British Columbia

Death-row dog loses fight for life as Supreme Court of Canada rejects owner's bid to appeal

The owner of a Vancouver dog stuck on death row for half its life has lost her bid to appeal the case with Canada's highest court, meaning the dog will soon be euthanized. 

Punky the Australian cattle dog now 'at the end of the road,' lawyer says

The Supreme Court of Canada rejected Susan Santics' final bid to appeal Punky's case in January. This photo shows Punky before he was locked up. (Susan Santics/Facebook)

The owner of a Vancouver dog stuck on death row for half its life has lost a bid to appeal the canine's case in Canada's highest court, meaning the dog will soon be euthanized. 

The Supreme Court of Canada dismissed Susan Santics's application for leave to appeal Punky the dog's euthanization on Thursday. As usual, the top court did not provide a reason for its decision.

"I'm absolutely gutted. I had hoped we would be able to move forward with this case and bring animal law to the highest court in Canada," animal rights lawyer Victoria Shroff said Thursday.

"This is very, very sad news indeed because it's the end of the road for Punky ... He will be executed."

Punky was ordered destroyed after the dog bit a woman in an off-leash park in Vancouver in 2017. The four-year-old Australian cattle dog has been locked up since, while Santics battled through the courts in an effort to save her pet.

Susan Santics was devastated by the incarceration of her Australian cattle dog, Punky. (Yvette Brend/CBC News)

Three British Columbia courts had already ruled Punky was dangerous, agreeing with a decision from an animal control bylaw officer with the City of Vancouver.

"Given Punky's past behaviour, temperament and lack of rehabilitation prospects ... the dog poses an unacceptable risk to the public and ought to be destroyed," appeal court Justice Patrice Abrioux wrote last year.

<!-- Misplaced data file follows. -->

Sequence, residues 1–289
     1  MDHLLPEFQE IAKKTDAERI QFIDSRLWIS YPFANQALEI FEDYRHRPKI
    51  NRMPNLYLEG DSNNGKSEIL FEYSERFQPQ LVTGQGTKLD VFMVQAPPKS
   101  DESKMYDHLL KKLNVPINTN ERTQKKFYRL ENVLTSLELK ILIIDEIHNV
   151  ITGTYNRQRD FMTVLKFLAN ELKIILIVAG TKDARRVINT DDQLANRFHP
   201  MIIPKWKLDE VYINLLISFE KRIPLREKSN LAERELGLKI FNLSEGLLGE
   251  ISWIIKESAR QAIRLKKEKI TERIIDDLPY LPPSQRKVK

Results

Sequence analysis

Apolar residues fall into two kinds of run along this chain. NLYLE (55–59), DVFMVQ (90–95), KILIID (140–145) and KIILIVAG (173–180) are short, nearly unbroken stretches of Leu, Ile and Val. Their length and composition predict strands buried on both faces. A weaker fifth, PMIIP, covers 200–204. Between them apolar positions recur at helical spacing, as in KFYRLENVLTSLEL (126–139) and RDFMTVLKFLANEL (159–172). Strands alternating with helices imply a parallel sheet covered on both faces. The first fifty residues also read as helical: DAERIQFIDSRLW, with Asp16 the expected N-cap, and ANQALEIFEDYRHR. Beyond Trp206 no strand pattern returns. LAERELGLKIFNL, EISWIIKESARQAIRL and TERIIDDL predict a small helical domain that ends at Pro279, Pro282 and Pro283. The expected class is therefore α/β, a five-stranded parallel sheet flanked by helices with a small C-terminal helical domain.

In the wake of the top court's decision Thursday, Santics has no legal avenues left to fight the case.

Appeals to the Supreme Court of Canada are not automatic. The court only agrees to hear cases involving significant legal issues of national importance.

Punky was seven weeks old when Susan Santics became his owner. (Susan Santics/Facebook)

Shroff previously told B.C.'s appeal court that Punky's case fit the criteria.

"We are in a transformed legal environment where animals matter," Shroff argued.

"Even if you think an animal is not a family member, before you take somebody's property away — especially sentient property — you'd better be 100 per cent sure that this animal has no prospects of rehabilitation," she said.

On Thursday, Shroff asked the city prosecutor in Vancouver to grant Punky some extra time so Santics could have time to say goodbye. The prosecutor "was understanding," Shroff said, and agreed to give Punky a reprieve until at least next Wednesday.


Rhianna Schmunk

Senior Writer

Rhianna Schmunk is a senior writer for CBC News based in Vancouver. Over nearly a decade, she has reported on subjects including criminal justice, civil litigation, natural disasters and climate change. You can send story tips to

With files from Yvette Brend